During their 25 years in prison, the Highers brothers committed several offenses, including drug possession and starting fights.

The key witness in their 1987 trial was Thomas Culberson, a security guard who went to Karey's home to buy marijuana on the night of the murder. Culberson said he saw two white men fleeing the scene in a car, and later identified Raymond Highers as the driver and Thomas Highers as a passenger.

After a former Detroit resident, Kevin Zieleniewski, came across a Facebook post by Mary Evans about the men's life sentences in 2009, he reconnected with a former law school friend, John Hielscher, who told him decades ago that he had been at Karey's that night, and that Karey had been killed by black men, the Detroit Free Press reported.

Hielscher agreed to testify at an evidentiary hearing in March along with his friend James Gianunzio, who was also at Karey's when the shooting happened.

Hielscher and Gianunzio testified that they were at Karey's back door when they saw armed black men approach them and heard a gunshot before they fled, according to the Free Press.

Their testimony raised doubts over whether the Highers brothers were the white men Culberson saw fleeing.

On Thursday, Assistant Prosecutor Ana Quiroz argued in court that there was a conspiracy to free the Highers brothers, and that the new witnesses were not credible, according to the Free Press. Prosecutors argued in the original trial that the Highers brothers, who had bought marijuana from Karey before his murder, killed him in a dispute over money.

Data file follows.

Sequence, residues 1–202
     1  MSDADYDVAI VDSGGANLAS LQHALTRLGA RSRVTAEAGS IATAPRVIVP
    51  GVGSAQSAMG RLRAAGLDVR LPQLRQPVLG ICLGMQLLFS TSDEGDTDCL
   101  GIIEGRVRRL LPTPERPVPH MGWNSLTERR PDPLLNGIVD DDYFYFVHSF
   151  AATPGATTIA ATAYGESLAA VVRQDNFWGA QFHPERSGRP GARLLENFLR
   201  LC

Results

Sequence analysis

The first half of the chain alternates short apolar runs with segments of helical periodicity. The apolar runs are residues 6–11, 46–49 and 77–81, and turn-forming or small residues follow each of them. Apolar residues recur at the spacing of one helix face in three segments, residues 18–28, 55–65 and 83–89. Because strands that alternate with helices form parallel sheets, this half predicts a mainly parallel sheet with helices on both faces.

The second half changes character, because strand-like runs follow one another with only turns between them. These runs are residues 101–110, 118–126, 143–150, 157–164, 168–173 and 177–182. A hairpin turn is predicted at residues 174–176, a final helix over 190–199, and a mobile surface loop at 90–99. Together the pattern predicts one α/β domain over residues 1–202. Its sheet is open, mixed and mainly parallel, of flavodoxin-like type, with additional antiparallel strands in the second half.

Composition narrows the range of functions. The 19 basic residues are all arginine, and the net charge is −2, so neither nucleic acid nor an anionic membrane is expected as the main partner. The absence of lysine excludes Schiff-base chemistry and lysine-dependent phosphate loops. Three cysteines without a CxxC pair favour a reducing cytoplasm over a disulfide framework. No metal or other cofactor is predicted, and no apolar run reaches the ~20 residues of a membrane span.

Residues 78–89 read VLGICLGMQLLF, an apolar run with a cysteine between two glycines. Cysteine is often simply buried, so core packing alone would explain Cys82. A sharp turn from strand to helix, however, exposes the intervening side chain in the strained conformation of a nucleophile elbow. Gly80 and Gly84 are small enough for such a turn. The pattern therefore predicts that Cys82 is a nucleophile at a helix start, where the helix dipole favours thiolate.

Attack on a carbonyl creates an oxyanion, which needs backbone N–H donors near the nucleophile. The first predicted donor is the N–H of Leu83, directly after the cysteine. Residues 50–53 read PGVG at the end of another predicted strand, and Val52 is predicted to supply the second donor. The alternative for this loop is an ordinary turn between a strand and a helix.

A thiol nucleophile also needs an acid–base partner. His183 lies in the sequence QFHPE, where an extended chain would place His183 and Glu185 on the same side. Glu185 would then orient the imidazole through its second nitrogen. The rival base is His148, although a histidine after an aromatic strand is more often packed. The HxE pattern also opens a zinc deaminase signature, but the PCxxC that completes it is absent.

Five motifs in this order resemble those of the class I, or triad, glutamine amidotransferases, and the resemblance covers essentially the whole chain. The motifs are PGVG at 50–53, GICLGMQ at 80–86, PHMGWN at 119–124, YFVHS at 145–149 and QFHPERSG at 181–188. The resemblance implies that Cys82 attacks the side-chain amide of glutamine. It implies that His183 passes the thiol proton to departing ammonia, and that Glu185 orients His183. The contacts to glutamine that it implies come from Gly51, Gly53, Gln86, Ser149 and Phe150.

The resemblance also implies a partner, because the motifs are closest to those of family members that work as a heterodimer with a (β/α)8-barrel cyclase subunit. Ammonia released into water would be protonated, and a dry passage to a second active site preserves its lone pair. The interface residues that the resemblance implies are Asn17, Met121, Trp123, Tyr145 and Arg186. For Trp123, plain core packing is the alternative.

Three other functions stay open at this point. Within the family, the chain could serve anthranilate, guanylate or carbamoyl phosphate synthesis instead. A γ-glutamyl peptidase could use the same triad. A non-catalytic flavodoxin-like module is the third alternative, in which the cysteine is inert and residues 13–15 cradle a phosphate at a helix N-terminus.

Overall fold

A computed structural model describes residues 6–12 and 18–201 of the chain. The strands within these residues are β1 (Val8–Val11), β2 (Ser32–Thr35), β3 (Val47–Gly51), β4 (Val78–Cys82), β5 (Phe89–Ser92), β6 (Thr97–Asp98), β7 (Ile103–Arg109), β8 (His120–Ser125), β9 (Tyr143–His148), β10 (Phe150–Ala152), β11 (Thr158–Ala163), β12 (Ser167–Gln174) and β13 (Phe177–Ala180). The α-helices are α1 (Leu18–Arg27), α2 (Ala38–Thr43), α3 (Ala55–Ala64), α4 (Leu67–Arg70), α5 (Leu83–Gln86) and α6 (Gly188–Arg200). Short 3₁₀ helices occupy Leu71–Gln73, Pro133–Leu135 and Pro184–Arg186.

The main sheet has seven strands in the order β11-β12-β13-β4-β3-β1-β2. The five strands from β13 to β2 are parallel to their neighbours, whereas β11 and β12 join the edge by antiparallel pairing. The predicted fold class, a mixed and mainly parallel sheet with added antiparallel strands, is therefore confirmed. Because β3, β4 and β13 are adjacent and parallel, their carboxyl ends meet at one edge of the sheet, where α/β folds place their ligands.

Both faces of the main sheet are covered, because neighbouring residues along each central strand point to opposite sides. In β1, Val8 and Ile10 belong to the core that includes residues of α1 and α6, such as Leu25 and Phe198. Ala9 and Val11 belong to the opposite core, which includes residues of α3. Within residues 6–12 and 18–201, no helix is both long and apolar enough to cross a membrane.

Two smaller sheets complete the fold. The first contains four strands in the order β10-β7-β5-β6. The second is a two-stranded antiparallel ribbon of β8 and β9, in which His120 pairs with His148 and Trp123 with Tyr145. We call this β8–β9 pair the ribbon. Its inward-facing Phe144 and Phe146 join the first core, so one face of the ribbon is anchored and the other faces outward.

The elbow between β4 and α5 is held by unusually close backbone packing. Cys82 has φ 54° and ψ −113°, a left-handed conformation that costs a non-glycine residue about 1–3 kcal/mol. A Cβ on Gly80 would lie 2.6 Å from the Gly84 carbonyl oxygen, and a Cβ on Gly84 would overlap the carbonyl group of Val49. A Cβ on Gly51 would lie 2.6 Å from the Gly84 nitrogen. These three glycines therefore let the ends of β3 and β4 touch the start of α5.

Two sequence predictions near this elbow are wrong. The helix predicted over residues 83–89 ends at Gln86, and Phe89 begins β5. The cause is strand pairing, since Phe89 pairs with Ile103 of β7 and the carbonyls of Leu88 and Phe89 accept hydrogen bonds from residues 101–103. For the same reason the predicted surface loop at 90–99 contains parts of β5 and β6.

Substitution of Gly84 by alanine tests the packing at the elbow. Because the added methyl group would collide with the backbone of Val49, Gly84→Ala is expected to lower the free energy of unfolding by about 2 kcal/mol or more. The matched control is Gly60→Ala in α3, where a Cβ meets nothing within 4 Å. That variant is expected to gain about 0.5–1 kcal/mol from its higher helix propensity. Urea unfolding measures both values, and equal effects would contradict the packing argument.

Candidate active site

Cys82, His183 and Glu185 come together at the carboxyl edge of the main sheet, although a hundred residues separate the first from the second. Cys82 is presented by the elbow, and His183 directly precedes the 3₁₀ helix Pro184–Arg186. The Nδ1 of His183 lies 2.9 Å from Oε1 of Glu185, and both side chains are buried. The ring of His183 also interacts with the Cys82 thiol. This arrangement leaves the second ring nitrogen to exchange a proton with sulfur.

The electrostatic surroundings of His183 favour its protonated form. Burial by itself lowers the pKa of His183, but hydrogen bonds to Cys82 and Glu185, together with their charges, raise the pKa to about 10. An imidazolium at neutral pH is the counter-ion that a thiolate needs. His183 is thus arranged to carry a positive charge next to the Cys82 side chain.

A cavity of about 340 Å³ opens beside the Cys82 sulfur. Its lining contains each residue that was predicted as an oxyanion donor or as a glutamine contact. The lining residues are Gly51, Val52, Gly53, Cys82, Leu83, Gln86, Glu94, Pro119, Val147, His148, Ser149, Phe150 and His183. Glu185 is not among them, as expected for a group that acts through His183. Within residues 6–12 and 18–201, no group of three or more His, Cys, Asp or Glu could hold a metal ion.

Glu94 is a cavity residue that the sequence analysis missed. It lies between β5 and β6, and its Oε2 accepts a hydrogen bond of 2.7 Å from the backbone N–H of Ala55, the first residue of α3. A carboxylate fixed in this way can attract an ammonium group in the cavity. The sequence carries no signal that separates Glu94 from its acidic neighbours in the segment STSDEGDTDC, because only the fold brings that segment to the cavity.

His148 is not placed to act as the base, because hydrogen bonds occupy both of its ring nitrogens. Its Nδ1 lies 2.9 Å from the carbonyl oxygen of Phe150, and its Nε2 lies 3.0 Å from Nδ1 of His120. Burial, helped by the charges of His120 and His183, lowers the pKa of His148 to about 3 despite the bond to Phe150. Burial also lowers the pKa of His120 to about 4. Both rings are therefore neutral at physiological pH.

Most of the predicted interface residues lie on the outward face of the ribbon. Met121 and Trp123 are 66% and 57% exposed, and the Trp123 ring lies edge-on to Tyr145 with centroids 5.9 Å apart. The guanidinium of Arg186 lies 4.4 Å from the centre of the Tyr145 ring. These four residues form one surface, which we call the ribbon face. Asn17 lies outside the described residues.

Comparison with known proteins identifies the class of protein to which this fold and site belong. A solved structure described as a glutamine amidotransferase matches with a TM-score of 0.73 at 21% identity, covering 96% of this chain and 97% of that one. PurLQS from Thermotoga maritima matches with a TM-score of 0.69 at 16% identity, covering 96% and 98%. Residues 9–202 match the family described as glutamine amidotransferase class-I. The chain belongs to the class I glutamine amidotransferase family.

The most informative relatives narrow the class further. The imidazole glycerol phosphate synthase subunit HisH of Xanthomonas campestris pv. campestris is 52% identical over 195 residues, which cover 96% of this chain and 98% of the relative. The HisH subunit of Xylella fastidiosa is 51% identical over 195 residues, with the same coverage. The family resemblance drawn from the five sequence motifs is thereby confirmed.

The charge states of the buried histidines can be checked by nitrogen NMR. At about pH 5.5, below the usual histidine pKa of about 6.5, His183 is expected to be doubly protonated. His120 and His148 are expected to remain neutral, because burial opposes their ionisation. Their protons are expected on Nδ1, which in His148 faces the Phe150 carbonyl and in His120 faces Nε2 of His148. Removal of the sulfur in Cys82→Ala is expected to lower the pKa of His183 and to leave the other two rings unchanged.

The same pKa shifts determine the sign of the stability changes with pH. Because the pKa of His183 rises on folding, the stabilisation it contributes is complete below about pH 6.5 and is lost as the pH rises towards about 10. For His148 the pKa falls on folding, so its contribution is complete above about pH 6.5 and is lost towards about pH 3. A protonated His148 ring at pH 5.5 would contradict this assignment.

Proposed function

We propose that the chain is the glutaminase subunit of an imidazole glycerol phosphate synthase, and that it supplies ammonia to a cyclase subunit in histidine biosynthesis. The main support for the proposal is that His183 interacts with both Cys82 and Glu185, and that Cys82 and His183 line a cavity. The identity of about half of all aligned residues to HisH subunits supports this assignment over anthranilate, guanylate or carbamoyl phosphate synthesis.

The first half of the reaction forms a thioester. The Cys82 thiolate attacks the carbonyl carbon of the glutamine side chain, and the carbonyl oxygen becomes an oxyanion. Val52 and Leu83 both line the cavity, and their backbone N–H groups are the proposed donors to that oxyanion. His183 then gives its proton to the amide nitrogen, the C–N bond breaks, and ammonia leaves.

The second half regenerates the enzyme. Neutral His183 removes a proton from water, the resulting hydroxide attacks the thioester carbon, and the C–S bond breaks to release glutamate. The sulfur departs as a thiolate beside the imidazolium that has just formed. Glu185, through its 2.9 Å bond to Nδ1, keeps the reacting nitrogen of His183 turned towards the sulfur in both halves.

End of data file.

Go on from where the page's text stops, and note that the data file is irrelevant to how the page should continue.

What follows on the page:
Judge Talon set a new hearing date of Aug. 13, when he said he would issue his decision on the brothers' release, WXYZ reported.

Copyright 2012 ABC News Radio


Dad of Missing Iowa Cousin Postpones Drugs and Battery Trial

ABC News(EVANSDALE, Iowa) -- The father of 10-year-old Lyric Cook, who disappeared while riding bikes with her cousin in Iowa earlier this month, will not be put on trial for separate drug or domestic abuse charges until August, an Iowa judge said Friday.

Daniel Morrissey, 36, appeared in a Waterloo, Iowa, court Friday in relation to four cases in which he is charged with assaulting his estranged wife and Lyric's mother Misty Morrissey, and possessing, making and dealing methamphetamines.

A judge in Iowa's Black Hawk County agreed to delay the trial, according to the Des Moines Register.

Investigators say Lyric Cook and her cousin Elizabeth Collins left their home to ride their bikes shortly after noon July 13. Their bicycles were later recovered on a trail near Meyers Lake in Evansdale, Iowa. Both of their bicycles were recovered on a trail near the lake about four hours after they were reported missing.

Last week the case was reclassified as an abduction.

Misty Morrissey and her husband Dan, the separated parents of Lyric, had stopped answering investigators' questions on the advice of their attorney late last week, although Misty submitted to a second polygraph test Tuesday.

Earlier this week authorities in Iowa investigating the disappearance of the girls obtained new video of the missing girls from the day they vanished. Although the footage of the two girls lasts only seconds, investigators say they now are analyzing it for any clues that could lead to information about the girls